Friday, August 13, 2010

Film Review: Buck Privates

"Buck Privates" ** (out of ****)

Lately I have been spending a lot of time watching some of my favorite comics and comedy teams. Mostly I have been focusing on Abbott & Costello. With that in mind, I thought now was a good time to write about them.

I have reviewed the work of Abbott & Costello before. I discussed their comedies "Hold That Ghost" (1941) and "Naughty Nineties" (1945) but "Buck Privates" (1941) is one of the team's most popular films. It was their first starring vehicle as a team. Their only previous on-screen performance was in "One Night in the Tropics" (1940), where they had supporting roles. To most audiences of that time, they stole the show and Universal allowed them their own vehicle, well, sort of.

"Buck Privates" is suppose to be a gentle, feel good, almost war-time comedy. Slicker Smith (Bud Abbott) and Herbie (Lou Costello) are a couple of salesmen going around selling cheap ties. One day a police officer, well known character actor Nat Pendleton (even if the name means nothing to you, trust me, you'll know the face) spots them and chases the boys. They think they are being clever and run into a movie theatre to escape. What they don't know is the theatre is being used as an army recruitment area. Now the boys have been drafted.

"Buck Privates" is actually a very political, patriotic message movie with Abbott & Costello thrown in. There is a belief among most people that wars are generally fought by the working class and minorities. Even with a draft in effect it is the poor who usually get recruited. The rich generally get deferments (Dick Cheney anyone?) or use their influence to avoid serving. "Buck Privates" wants to correct that problem.

In this movie a man of privilege Parker (Lee Bowman) gets recruited. He knows he doesn't belong there and wants his father, who works in Washington, D.C. to use his influence and get him out of the army. He expects to leave in about a week. Not only was he drafted though, but so was his chauffeur Bob Martin (Alan Curtis). Now we will see the rich and the working class side by side in the army. No man can escape the draft.

"Buck Privates" does a lot of flag waving. One of the songs heard in the movie is "You're A Lucky Fellow, Mr. Smith". "Mr. Smith" representing the "average Joe". The song is really saying be proud you're an American. America is the greatest country on Earth. You have freedoms here you won't have in any other country. To a lot of people this may all very well be true, but, answer me this, what is it doing in an Abbott & Costello comedy?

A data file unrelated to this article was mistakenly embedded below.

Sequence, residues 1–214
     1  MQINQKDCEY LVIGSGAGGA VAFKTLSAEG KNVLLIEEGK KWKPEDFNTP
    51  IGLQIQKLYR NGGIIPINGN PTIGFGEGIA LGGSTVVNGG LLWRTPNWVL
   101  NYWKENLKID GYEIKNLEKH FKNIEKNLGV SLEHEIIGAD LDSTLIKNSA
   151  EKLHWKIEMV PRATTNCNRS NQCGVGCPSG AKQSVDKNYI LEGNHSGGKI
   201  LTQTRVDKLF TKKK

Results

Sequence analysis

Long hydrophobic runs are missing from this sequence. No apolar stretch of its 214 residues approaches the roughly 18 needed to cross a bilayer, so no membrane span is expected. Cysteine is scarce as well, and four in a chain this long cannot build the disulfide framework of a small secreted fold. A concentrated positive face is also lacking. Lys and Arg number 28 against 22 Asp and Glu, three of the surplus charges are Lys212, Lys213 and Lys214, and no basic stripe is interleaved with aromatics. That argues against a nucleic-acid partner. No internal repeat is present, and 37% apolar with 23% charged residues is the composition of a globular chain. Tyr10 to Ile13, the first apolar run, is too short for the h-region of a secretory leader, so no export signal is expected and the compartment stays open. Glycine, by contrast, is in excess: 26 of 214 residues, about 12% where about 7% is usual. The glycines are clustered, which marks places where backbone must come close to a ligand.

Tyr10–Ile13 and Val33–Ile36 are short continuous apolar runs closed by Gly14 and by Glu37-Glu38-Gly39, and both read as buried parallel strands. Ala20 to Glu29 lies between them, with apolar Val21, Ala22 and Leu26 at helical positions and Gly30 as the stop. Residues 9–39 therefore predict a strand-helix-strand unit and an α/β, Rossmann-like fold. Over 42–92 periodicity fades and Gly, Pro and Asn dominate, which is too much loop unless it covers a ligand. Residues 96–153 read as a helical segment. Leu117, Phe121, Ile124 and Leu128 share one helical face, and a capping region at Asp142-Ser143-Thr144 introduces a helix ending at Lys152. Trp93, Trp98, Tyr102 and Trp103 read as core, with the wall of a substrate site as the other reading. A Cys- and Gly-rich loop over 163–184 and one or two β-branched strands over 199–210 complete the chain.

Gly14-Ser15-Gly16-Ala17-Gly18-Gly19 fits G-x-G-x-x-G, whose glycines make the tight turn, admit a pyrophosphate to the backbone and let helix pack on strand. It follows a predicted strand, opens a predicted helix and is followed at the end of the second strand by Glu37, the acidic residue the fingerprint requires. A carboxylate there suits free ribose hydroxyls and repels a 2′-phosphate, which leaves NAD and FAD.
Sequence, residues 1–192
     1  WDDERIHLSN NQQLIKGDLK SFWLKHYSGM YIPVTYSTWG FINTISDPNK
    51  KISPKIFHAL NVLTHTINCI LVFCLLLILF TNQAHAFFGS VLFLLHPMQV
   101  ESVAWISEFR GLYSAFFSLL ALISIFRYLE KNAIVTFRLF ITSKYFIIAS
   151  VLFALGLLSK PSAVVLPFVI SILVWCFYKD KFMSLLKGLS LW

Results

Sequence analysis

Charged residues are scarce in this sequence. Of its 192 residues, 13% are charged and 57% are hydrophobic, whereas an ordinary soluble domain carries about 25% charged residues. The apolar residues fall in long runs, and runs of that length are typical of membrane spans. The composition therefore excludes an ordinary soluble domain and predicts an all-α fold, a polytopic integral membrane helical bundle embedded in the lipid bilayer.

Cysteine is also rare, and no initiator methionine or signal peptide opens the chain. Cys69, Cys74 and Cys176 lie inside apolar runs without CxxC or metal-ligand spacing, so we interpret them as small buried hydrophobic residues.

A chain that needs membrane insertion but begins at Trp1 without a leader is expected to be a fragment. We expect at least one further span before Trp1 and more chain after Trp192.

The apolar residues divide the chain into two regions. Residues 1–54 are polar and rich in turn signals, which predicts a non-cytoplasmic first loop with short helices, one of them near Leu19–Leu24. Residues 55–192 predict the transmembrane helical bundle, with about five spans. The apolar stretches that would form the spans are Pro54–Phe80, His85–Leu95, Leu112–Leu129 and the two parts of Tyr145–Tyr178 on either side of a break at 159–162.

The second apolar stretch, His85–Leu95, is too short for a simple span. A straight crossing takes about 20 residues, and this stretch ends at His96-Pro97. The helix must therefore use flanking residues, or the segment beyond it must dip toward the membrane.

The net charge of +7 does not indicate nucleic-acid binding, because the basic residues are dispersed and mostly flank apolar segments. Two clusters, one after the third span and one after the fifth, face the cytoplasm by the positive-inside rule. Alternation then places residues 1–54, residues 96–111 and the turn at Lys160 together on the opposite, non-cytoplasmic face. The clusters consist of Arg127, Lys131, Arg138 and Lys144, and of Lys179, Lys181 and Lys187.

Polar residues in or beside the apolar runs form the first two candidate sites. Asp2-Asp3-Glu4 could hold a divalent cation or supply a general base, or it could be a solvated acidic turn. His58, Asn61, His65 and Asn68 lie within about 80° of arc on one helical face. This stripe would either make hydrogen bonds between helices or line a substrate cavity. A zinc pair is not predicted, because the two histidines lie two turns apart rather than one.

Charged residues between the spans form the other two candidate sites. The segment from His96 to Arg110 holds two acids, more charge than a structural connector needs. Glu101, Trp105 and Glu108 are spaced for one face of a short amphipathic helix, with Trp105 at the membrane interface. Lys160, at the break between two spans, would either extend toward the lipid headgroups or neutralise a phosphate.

This all adds to a problem I have with "Buck Privates". I'm not interested in the patriotic propaganda. America wasn't at war yet when "Buck Privates" was released. In fact there is no mention of war. This is a peace time draft. But I suppose audiences felt it was only a matter of time before America would get involved in that war in Europe.

Other problems with "Buck Privates" are the same problems with "One Night in the Tropics" or any number of comedies made in the 1940s. The comedy team plays second fiddle to a romance. Here Parker and Bob compete for Judy's (Jane Frazee) hand. And we have musical numbers enter the film for no apparent reason. The songs are provided by the Andrew Sisters (Patty, Maxene and LaVerne, why do I know that?). Some of the songs are very good. They became war time standards; "Boogie Woogie Bugle Boy of Company B" (nominated for a Best Song Oscar) and "I'll Be With You In Apple Blossom Time" but they only take away screen time which could have went to Abbott & Costello.

"Buck Privates" works best when it lets Abbott & Costello do their routines. And there are some good ones. Pay attention to a scene when Abbott teaches Costello how to play dice. Listen to the dialogue for their "40 year old man in love with a 10 year old girl" bit (it is not as creepy as it sounds). And when Abbott asks Costello for a $50 loan.

But there is simply too much politics in the film. The screenplay could have been written by Franklin Roosevelt and Harry Truman. In reality it was written by Arthur T. Horman who also wrote "In the Navy" (1941) another Abbott & Costello in the service comedy. And "Here Come the Co-Eds" (1945). Special material for the team was written by John Grant, who actually wrote every comedy the team appeared in consisting of "Who Done It?" (1942), "Hit the Ice" (1943), "The Time of Their Lives" (1946) and "Abbott & Costello Meet Frankenstein" (1948) all of them rank among their best.

Directing credit was given to Arthur Lubin, who directed their next couple of films including "In the Navy" and "Hold That Ghost".

Because of the success of this film, it grossed four million dollars, Universal heavily pushed the team into making several films in the course of a year. In 1941 alone they appeared in four movies. From 1941 to 1956 Abbott & Costello appeared in at least one movie every year. Towards the end of their partnership, as one might imagine, audiences grew a little weary of them. They never developed new routines and after getting their own television show it became too much of a good thing. They were all over the place with the same jokes we heard ten times before.

I'm aware my opinion of "Buck Privates" does not follow the mainstream but how someone can watch this movie and honestly feel the politics, the love story and songs don't distract us from Abbott & Costello is a mystery to me. By all means watch Abbott & Costello, they are worth watching, but, you don't have to start with "Buck Privates".

If you are interested also in 1941 another comedy team took on similar material. Laurel & Hardy starred in their first 20th Century Fox comedy "Great Guns". I actually prefer that one over this.